Victory contains two novellas... Together they make a convincing case for James Lasdun as one of the most incisive investigators of the human heart writing in English today... It’s a subtle, well-judged story about restraint, rapture and regret... Lasdun doesn’t put a foot wrong in either story: both are suspenseful and truthful, familiar in their subject matter but audacious in their conclusions. If future scholars want to know what the hell was going on with sex and power at this moment in history, Victory won’t be a bad place to start.
Whatever the reasons for Lasdun’s neglect, his latest work, Victory, should help redress it. The volume consists of a pair of novellas, both of which portray men behaving badly. In terms of plot, the two have marked similarities: both involve a close male friendship; both feature a character whose life is upended by the re-emergence of a figure from his past; and both have avian themes... As a man, reading these two novellas in tandem doesn’t make one feel proud of one’s sex. But they are stories that ought to be read — not just for their insights into “toxic masculinity”, but for what they tell us about ways in which men think.
James Lasdun is my favourite ‘should be famous’ writer, his work extraordinarily taut and compelling. His eye-boggling psychological thrillers are understated, yet perspicacious and hilarious... Lasdun expertly demonstrates how inner moral structure is often built on the scaffolding of tenuous and arbitrary rules and self-justification... The narrator expresses my own feelings when he says that fictional depictions of this dilemma aren’t interesting... And yet this story is enthralling. The conversations and events ring true; the characters are believable.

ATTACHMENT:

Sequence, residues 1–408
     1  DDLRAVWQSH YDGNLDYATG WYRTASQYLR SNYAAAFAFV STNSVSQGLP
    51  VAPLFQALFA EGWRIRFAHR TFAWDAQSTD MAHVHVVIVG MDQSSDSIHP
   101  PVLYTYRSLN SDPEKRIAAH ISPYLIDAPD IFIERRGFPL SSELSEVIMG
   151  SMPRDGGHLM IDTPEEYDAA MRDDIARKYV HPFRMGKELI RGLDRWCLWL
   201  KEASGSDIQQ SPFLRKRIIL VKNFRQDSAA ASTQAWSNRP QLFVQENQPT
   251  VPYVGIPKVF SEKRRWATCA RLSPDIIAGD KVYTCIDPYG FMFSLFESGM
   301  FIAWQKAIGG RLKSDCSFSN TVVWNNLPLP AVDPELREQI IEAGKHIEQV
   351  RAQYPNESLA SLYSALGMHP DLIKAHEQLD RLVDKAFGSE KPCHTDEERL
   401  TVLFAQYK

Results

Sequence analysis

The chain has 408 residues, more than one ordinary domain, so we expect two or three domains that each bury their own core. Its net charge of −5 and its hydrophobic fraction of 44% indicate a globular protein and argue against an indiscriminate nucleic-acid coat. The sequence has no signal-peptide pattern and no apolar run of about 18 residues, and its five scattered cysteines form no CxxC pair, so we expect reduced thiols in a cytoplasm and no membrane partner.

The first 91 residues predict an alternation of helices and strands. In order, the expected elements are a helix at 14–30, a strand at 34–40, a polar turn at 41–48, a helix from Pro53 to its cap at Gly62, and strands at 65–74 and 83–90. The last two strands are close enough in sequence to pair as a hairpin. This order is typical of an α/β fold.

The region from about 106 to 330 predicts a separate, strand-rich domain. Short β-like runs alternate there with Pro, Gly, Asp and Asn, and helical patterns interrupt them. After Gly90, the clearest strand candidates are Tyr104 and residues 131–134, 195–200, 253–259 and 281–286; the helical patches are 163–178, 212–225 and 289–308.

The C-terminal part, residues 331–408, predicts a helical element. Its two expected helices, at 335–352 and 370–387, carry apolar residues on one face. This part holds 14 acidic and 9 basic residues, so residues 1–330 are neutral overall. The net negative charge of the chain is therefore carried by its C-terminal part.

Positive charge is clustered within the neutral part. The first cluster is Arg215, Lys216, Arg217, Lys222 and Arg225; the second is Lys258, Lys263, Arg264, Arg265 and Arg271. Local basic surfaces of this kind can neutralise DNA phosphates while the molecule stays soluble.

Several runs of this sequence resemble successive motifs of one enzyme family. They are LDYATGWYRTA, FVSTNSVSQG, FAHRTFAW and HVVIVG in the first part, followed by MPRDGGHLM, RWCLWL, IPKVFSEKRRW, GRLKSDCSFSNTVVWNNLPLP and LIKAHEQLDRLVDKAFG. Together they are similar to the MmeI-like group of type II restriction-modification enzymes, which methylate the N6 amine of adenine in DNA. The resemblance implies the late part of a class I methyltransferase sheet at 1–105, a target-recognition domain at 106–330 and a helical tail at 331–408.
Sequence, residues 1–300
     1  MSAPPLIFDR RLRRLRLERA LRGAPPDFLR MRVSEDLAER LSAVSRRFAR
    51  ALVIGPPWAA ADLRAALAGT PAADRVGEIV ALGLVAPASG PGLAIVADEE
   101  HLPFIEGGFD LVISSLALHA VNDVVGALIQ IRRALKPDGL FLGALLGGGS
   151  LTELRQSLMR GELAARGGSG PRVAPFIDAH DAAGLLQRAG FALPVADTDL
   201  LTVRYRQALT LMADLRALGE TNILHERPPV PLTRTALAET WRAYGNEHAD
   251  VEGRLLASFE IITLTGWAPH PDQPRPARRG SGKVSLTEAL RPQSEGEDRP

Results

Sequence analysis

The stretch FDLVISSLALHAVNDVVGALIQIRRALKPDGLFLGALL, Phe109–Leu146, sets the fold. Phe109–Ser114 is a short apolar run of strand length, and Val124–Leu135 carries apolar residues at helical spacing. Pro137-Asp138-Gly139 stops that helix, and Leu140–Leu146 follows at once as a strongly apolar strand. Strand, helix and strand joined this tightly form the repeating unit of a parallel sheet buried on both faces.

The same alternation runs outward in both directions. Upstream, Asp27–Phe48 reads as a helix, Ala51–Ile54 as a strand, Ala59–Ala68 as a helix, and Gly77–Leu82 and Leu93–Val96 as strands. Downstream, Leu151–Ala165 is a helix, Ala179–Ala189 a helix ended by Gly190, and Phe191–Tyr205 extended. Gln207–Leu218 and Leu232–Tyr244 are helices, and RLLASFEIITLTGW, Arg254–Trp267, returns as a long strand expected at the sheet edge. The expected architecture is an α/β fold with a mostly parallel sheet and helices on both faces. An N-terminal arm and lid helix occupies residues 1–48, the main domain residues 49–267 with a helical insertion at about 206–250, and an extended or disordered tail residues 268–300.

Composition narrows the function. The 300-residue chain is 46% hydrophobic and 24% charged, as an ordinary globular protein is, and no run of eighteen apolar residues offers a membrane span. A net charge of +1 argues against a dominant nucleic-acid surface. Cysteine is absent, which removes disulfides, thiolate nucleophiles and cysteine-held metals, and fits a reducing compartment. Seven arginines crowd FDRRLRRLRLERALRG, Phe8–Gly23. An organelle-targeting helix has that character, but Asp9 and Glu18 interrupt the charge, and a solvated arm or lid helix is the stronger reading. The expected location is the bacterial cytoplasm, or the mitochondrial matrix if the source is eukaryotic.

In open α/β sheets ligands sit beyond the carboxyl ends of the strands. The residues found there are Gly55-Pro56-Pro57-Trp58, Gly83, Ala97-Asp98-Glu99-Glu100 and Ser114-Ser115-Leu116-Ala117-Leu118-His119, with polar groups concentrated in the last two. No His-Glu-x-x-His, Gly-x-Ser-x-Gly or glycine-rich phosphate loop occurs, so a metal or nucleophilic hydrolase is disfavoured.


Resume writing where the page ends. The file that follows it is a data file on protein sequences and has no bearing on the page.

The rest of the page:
The unsavoury behaviour of men reverberates through Lasdun’s Victory, which comprises two mesmeric, stand-alone stories. In Feathered Glory, the quiet and contented family life of Richard, an elementary school principal in upstate New York, is disrupted by the reappearance of a former lover...
These are impressive stories, containing beautiful descriptions and subtle twists.
In an age of loud invective and binary solutions, there is something wonderful about Lasdun’s scrupulous recording of doubts and uncertainty. I like his unapologetic literariness and the unexpected way his books draw strength from artefacts of high culture. In Give Me Everything You Have, the Middle English poem “Gawain and the Green Knight” became a tool for thinking about the obligations of male decency. In a similar way, the Mallarmé poem from which Lasdun borrows the title of the novella is used to evokes contradictory facets of male sexuality.
despite the obvious contrast, the novellas are united by Lasdun’s signature virtues: a forensic attention to psychological detail, a mastery of dialogue and an all-round fluency that gives his prose a compelling swiftness. It is these virtues, more than the plots, that make Victory a triumph.